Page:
Inspecting Brazed Joints

Posted by Lucas-Milhaupt Brazing Experts on Jul 11, 2014

Radiographic Examination - Discontinuity Images on Film

Examining finished joints may be the final step in the brazing process, but inspection procedures should be incorporated into the design stage. Your methodology will depend on the application, service and end-user requirements plus regulatory codes and standards.

Define your acceptance criteria for any discontinuity with considerations for shape, orientation, location (surface or subsurface) and relationship to other discontinuities. Be sure to state acceptance limits in terms of minimum requirements.



Common discontinuities of brazed joints, identified through nondestructive examination, include:

  • Voids or porosity - an incomplete flow of brazing filler metal which can decrease joint strength and allow leakage-often caused by improper cleaning, incorrect joint clearance, insufficient filler metal, entrapped gas or thermal expansion.


  • Flux entrapment - resulting from insufficient vents in the joint design-preventing the flow of filler metal and reducing joint strength as well as service life
  • Discontinuous fillets - areas on the joint surface where the fillet is interrupted-usually discovered by visual inspection
  • Base metal erosion (or alloying) - when the filler metal alloys with the base metal during brazing-movement of the alloy away from the fillet may cause erosion and reduce joint strength 
  • Unsatisfactory surface condition or appearance - excessive filler metal or rough surfaces-may act as corrosion sites and stress concentrators, also interfering with further testing

Examination Methods
Nondestructive testing methods of checking quality and specification conformance include:

                                                                                      Typical Immersion Ultrasonic Setup

  • Visual examination - with or without magnification-for evaluating voids, porosity, surface cracks, fillet size and shape, discontinuous fillets plus base metal erosion (not internal issues such as porosity and lack of fill)
  • Leak testing - for determining gas- or liquid-tightness of a brazement. Pressure (or bubble leak) testing involves the application of air at greater-than-service pressures. Vacuum testing is useful for refrigeration equipment and detection of minute leaks, employing a mass spectrometer and a helium atmosphere.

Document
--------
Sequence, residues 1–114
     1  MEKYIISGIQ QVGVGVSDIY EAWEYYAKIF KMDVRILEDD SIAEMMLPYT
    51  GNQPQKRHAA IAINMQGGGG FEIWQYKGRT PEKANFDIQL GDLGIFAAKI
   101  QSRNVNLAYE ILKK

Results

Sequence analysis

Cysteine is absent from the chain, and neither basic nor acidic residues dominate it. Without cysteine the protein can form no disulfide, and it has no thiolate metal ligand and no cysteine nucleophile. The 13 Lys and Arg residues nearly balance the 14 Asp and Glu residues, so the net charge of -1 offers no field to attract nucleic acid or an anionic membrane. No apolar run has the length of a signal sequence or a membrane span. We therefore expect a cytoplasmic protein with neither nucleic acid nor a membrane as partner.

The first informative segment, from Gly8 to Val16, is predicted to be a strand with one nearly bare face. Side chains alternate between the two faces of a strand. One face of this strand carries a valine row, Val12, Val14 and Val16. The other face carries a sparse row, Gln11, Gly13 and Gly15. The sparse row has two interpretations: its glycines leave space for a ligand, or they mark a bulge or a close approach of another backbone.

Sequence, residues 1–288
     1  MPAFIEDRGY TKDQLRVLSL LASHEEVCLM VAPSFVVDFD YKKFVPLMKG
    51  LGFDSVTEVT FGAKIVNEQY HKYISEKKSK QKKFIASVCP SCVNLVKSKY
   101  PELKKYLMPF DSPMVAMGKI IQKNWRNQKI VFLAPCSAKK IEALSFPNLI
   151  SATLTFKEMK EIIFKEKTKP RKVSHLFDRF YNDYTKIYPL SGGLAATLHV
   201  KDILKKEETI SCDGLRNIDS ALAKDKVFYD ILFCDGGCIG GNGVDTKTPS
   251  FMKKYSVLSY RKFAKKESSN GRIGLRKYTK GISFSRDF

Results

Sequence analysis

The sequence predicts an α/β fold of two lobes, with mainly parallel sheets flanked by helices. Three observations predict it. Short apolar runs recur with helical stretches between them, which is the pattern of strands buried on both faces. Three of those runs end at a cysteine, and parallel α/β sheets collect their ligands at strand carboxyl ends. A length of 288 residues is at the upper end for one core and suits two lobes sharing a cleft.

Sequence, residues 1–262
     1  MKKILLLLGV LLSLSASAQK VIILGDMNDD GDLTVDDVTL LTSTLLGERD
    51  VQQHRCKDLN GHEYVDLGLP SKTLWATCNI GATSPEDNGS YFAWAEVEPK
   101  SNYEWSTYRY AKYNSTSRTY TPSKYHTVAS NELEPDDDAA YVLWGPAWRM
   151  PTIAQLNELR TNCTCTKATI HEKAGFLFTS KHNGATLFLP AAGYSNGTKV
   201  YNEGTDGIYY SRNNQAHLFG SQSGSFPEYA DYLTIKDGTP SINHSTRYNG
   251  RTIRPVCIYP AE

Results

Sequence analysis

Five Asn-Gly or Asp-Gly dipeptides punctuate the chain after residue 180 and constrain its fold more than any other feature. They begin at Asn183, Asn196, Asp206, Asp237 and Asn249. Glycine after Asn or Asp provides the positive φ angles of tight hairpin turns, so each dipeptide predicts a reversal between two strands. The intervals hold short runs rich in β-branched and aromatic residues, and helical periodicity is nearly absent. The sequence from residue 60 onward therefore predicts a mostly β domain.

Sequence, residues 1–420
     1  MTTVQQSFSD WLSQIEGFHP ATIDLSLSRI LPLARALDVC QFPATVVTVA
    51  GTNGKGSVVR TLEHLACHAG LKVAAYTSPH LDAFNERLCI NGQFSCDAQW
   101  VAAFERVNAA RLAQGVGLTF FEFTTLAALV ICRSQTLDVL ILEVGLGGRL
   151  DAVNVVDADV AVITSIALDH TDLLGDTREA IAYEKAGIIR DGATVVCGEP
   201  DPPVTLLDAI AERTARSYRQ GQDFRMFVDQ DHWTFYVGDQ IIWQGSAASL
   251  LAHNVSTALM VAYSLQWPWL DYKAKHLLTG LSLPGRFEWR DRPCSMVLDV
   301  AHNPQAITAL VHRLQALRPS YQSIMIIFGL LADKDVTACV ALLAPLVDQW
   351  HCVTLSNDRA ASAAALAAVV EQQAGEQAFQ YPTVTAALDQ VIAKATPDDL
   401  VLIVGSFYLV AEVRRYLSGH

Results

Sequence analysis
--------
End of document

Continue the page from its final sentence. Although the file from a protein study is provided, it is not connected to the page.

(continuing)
• Proof testing - subjecting a brazed joint to a one-time load greater than the service level-applied by hydrostatic methods, tensile loading or spin testing
  • Radiographic examination - useful in detecting internal flaws, large cracks and braze voids, if thickness and X-ray absorption ratios permit delineation of the brazing filler metal-cannot verify a proper metallurgical bond
  • Ultrasonic examination - a comparative method for evaluating joint quality, in immersion mode or contract mode-involves reflection of sound waves by surfaces, using a transducer to emit a pulse and receive echoes
  • Liquid penetrant examination - dye and fluorescent penetrants may detect cracks open to the surface of joints-not suitable for inspection of fillets, where some porosity is always present
  • Acoustic emission testing - evaluating the extent of discontinuity-using the premise that acoustic signals undergo a frequency or amplitude change when traveling across discontinuities
  • Thermal transfer examination - detects changes in thermal transfer rates due to discontinuities or unbrazed areas-images show brazed areas as light spots and void areas as dark spots

There are also several destructive and mechanical testing methods, often used in random or lot testing:

  • Peel testing - useful for evaluating lap joints and production quality control for general quality of the bond plus presence of voids and flux inclusions-where one member is held rigid while the other is peeled away from the joint
  •  Metallographic examination-testing the general quality of joints-detecting porosity, poor filler metal flow, base metal erosion and improper fit
  • Tension and shear testing - determines strength of a joint in tension or in shear-used during qualification or development rather than production 
  • Fatigue testing - testing the base metal plus the brazed joint-a time-consuming and costly method
  • Impact testing - determines the basic properties of brazed joints-generally used in a lab setting
  • Torsion testing - used on brazed joints in production quality control-for example, studs or screws brazed to thick sections

The size, complexity and severity of the application determine the best inspection method, and several methods may be required. If you are unable to develop an accurate and dependable method of inspecting a critical brazed joint, consider revisiting your joint design to allow adequate inspection.

Source: AWS Brazing Handbook

Examining finished joints may be the final step in the brazing process, but inspection procedures should be incorporated into the design stage. Both nondestructive and destructive methods may be employed, depending on the application, service and end-user requirements plus regulatory codes and standards.

Lucas-Milhaupt is dedicated to providing expert information for Better Brazing. Please feel free to share this blog posting with associates. For further information, see Lucas-Milhaupt's series of brazing videos, consider our seminars and on-site training, and contact us if we may be of assistance.   

Topics: Flux